Vikki said: “The comments have just been lovely. It makes you realise that Aidan touched so many people and he was loved by everybody. He was such a special little boy, not just to us, but to everybody.”

Karl added: “We live in a fantastic community and we want to thank them for all of their kind words. We really appreciate it at what is such a hard time for us. The support we have received over the four years has been amazing.”

While the family’s home was renovated during the Aid for Aidan appeal, the back garden still needs to be finished. The dream was to create a sensory area for Aidan. Karl and Vikki are keen to complete the space in Aidan’s memory.

“We want to push on with the garden and finish what we started,” said Karl.

Aidan’s inspirational story spread beyond Northumberland, with the little lad’s brave journey touching people around the world.

The family are determined to build on this and help others in the name of their beloved son.

Vikki said: “We have got to carry on Aidan’s legacy, regardless, and this really is just the beginning. We want to do fund-raisers and other bits and pieces.”

Indeed, he may have only lived a short life, but brave and inspirational Aidan has certainly left behind a huge legacy.

His determined fight captivated people around the world, who were moved by his incredible journey.

Quite simply, this plucky lad touched the hearts of all who met him and all who followed his courageous story.

While a recent illness proved to be one battle too many for this little soldier, determined Aidan fought bravely against what life threw at him.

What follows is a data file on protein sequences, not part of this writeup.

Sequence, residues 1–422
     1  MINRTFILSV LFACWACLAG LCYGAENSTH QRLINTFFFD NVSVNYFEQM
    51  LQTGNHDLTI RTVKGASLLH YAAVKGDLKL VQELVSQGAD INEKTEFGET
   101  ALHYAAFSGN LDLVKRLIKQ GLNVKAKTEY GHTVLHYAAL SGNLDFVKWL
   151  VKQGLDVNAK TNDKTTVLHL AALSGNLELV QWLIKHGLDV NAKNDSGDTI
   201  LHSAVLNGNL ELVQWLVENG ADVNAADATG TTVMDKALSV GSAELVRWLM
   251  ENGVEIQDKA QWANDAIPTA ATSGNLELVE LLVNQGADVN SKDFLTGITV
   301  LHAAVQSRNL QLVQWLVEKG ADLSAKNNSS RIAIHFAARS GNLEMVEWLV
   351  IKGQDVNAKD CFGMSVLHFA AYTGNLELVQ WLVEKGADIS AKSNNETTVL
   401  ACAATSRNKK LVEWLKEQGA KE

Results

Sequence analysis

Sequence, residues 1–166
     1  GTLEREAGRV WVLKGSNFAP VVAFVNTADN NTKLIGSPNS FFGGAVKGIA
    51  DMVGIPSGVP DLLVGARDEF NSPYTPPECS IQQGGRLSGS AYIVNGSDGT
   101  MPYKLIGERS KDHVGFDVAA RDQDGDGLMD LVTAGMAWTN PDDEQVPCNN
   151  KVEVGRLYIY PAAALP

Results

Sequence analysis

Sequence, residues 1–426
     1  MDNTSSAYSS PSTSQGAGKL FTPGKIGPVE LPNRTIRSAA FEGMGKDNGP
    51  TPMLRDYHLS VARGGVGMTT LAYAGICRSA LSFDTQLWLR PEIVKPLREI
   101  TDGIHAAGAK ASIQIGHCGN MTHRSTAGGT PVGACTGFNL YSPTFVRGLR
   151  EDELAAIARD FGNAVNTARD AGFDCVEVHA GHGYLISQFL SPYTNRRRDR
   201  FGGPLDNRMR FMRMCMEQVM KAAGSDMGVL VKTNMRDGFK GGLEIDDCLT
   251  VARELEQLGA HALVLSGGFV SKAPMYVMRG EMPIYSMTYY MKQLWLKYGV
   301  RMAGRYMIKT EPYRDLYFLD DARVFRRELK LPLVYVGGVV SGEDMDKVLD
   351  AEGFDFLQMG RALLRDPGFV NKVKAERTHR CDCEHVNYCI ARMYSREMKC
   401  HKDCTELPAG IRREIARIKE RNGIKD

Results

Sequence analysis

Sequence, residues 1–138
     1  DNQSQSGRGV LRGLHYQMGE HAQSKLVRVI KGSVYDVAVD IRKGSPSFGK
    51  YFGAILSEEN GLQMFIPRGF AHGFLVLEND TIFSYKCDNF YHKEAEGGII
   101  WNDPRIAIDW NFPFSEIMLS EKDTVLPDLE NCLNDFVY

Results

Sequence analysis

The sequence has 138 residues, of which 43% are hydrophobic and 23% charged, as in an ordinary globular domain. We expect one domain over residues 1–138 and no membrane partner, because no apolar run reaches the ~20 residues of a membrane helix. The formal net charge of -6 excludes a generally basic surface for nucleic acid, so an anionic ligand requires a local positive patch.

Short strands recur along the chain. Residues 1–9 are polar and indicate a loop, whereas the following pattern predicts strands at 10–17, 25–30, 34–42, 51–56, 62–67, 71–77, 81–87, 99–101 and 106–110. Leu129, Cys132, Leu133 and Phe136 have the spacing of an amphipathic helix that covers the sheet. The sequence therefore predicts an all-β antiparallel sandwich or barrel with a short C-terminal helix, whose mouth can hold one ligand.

In just four years, this tough little cookie went through more than most adults could ever experience in a lifetime.

But defiant Aidan never seemed to let this get him down and he will be remembered for his infectious laugh and bubbly personality.

He may have looked different. But on the inside, Aidan was just like every other child. He loved to laugh. He loved to giggle. He loved to live.

In the words of his family, he was a little fighter. He was a miracle child. He was unique. He was a true superhero.

Aidan was born on Boxing Day 2010. But it wasn’t until after he was born that his parents found out there was something different about him.

They noticed he had swelling on his face, ear and neck, and one foot was much larger than the other. Their baby, who was born two months’ premature, was also suffering seizures.

Despite numerous tests and appointments with specialists, it took medical experts more than two years to put their finger on his health problems. At the time, his parents were told that their son was so unique, there was no specific diagnosis for him.

But, after a tough journey through the unknown, a breakthrough eventually came. Aidan was diagnosed with Cloves Syndrome.

Learning of his condition brought mixed emotions for the family, especially for mum Vikki who found the news tough to take at first.

Hospital visits were a regular thing for Aidan and his family, whether it was Wansbeck General Hospital, Newcastle’s Royal Victoria Infirmary or London’s Great Ormond Street.

In 2013, Aidan underwent major surgery, having 319 grams of fatty tissue removed from his neck and face during a six-hour operation, which left him requiring more than 80 stitches. The surgery improved his quality of life.

By taking away some of the bulk, he was able to hold his head better and his breathing was not as much of a worry as it had been.

Last summer, Aidan enjoyed his first holiday abroad, on the Greek island of Zante. The family trip was paid for by his grandad, Alan Jackowiak, and the youngster enjoyed the sun and the pool.

It made up for a previous disappointment when Aidan and his family were set to go abroad, but had to cancel their plans because of last-minute complications with his health.

More recently, his doting parents were confronted with a tough dilemma – to put Aidan through more surgery, targeting either his back or brain, or to place him on the pioneering trial using the drug sirolimus.

It was a hard call for his parents to make, but they opted to go down the sirolimus route. If it worked, it would have stopped and/or reduced Aidan’s swelling and removed the need for any further risky operations. It was hoped that it would also have treated Aidan’s epilepsy, by reducing overgrowth in his brain.